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Flat fire sparked by hairdryer which fell off radiator

The object on the right is all that remains of the hairdryer. The object on the left is the remains of a fan

The object on the right is all that remains of the hairdryer. The object on the left is the remains of a fan

A hairdryer which was left plugged in while its owner went shopping sparked a fire which severely damaged a ground-floor flat.

Firefighters were called to the blaze at Bishops Walk, Aylesbury, at 11.30am yesterday morning.

It left the bedroom what Bucks Fire and Rescue described as ‘60%’ damaged by fire, with smoke damage throughout the property.

The service is now reminding people of the importance of switching off and unplugging hairdryers and other electrical goods when they are not being used.

Watch Manager Jamie Humphrey said it appeared the hairdryer had fallen to the floor, knocking its switch to the ‘on’ position.

“Once the fire had been extinguished and on investigation, it was clear that a hairdryer had been the cause of the fire.

“The owner had used the hairdryer then placed it on a storage radiator, leaving it plugged in. She had then gone shopping in the town centre for about 20 minutes.

“We found the hairdryer on the floor amongst other debris which had helped the fire develop. We came to the conclusion it must have fallen and that when it landed, its switch was knocked into the ‘on’ position.”

The property was equipped with smoke alarms installed by Buckinghamshire Fire & Rescue Service, and these raised the alarm.

Bucks Fire and Rescue gives the following advice:

> Switch off and unplug appliances when not in use.

> Don’t overload plug sockets and adapters, and don’t plug adapters into other adapters. Use the Electrical Safety Council’s online socket overload calculator to check. High-current appliances include hairdryers, irons, kettles, dishwashers and heaters. Low-current appliances include televisions, computers, hi-fis and radios.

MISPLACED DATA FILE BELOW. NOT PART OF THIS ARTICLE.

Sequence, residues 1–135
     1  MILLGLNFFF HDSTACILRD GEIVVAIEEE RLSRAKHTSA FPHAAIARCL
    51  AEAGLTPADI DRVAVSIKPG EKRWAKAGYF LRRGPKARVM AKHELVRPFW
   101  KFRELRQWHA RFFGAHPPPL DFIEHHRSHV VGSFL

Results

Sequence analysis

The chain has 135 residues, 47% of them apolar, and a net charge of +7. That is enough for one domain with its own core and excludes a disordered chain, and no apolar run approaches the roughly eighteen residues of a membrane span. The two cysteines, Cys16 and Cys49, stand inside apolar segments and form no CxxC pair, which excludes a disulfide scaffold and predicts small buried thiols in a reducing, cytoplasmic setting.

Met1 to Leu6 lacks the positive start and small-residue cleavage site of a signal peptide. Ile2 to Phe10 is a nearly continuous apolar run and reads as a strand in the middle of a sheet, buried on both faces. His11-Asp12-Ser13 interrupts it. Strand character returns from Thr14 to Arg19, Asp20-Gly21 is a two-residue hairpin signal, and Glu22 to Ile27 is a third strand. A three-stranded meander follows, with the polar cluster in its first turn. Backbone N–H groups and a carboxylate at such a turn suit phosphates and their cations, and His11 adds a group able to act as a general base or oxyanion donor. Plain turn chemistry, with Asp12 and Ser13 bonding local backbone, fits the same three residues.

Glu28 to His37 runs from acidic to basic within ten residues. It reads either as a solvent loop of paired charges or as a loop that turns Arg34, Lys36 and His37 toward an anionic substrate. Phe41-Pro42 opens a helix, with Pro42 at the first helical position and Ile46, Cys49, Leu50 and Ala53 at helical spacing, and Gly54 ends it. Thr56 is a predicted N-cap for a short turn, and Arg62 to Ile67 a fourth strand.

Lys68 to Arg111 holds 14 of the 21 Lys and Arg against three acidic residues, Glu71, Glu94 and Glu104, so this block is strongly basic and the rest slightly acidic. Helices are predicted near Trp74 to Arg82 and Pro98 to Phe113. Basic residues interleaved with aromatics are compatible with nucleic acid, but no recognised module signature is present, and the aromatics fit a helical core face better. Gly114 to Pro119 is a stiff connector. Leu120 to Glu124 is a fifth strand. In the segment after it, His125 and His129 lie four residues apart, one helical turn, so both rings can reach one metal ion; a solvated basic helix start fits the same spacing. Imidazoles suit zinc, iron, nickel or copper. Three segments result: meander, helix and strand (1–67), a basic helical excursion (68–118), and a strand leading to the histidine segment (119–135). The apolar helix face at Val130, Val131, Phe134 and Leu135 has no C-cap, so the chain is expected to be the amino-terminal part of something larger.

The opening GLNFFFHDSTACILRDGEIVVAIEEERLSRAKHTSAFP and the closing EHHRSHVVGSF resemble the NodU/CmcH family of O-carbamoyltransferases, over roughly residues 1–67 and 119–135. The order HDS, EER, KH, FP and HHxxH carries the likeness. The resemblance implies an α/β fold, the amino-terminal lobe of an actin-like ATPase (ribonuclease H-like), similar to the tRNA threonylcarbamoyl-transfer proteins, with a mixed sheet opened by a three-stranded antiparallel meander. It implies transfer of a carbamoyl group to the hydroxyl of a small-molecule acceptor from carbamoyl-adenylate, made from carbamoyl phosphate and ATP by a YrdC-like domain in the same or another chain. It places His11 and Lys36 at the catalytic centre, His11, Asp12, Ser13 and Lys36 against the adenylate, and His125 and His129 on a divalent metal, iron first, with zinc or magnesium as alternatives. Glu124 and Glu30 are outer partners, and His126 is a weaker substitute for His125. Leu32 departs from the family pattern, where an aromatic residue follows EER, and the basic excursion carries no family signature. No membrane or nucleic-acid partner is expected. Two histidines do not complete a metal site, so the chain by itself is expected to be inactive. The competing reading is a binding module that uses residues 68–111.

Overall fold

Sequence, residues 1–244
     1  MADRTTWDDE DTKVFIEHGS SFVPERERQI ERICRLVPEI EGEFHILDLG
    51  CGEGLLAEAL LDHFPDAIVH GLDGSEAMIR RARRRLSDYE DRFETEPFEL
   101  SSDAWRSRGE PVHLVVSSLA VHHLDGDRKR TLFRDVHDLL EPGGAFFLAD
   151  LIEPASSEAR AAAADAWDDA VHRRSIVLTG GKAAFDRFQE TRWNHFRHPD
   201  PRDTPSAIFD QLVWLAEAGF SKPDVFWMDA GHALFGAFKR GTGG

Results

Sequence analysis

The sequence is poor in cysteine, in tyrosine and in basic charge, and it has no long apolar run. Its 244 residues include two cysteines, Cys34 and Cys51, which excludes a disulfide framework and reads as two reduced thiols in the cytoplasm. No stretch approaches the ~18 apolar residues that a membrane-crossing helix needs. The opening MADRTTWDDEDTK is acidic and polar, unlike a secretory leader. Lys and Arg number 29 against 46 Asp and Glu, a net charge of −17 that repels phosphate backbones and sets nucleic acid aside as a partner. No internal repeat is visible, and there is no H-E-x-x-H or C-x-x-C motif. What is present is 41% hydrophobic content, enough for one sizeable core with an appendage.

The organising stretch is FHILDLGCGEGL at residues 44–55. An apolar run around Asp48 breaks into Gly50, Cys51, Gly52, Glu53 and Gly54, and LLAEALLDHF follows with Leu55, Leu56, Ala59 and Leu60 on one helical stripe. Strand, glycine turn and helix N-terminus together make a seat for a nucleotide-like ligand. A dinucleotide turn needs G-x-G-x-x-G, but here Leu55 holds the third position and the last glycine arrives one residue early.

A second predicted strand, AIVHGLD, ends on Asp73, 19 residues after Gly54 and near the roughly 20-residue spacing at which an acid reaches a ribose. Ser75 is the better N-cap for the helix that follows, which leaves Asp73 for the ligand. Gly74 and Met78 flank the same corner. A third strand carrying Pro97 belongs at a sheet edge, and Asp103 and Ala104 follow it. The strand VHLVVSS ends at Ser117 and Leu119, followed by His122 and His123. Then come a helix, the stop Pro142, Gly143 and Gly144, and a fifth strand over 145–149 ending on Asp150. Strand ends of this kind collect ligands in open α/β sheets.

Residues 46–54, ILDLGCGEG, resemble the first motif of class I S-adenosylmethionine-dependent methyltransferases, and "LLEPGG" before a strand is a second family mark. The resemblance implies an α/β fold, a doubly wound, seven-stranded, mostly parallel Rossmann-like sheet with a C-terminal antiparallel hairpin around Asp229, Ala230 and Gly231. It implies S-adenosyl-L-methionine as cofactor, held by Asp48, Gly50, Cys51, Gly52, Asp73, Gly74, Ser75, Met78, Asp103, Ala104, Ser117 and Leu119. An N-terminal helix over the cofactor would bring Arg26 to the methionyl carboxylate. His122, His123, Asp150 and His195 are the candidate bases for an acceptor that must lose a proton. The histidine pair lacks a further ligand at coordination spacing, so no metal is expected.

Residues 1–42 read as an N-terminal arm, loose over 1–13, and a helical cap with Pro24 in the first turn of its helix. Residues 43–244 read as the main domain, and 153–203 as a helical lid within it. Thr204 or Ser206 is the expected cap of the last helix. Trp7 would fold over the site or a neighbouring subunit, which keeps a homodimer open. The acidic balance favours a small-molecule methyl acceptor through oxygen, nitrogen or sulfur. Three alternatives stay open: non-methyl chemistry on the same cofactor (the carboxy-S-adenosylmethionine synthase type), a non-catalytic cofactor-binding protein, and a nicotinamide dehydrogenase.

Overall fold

> Keep appliances in the kitchen and other rooms clean and in good working order.

> Check that your electrical products have not been recalled. In the last six years, more than 250 recall notices have been issued for electrical products, mostly due to a risk of electric shock or fire.

> Don’t buy counterfeit or substandard goods. Buy your electrical chargers from a reputable source. Many imported chargers do not satisfy UK safety regulations and can cause serious electric shock, injury or fire.

> Don’t use foreign appliances in UK sockets unless they have been converted for UK use with a suitable conversion plug.

> Consider using a residual current device (RCD), which works like a circuit breaker to protect against electric shocks and reduces the risk of electrical fires. RCD protection is particularly important when using electrical equipment outdoors.

> If you have a meter cupboard, don’t store combustible materials close to electrical intake equipment.

> In the event of a fire involving electricity, get out, stay out and call 999. Never use water on an electrical fire, and don’t take any risks with your safety. Pull the plug out or switch the power off if it is safe to do so.

 

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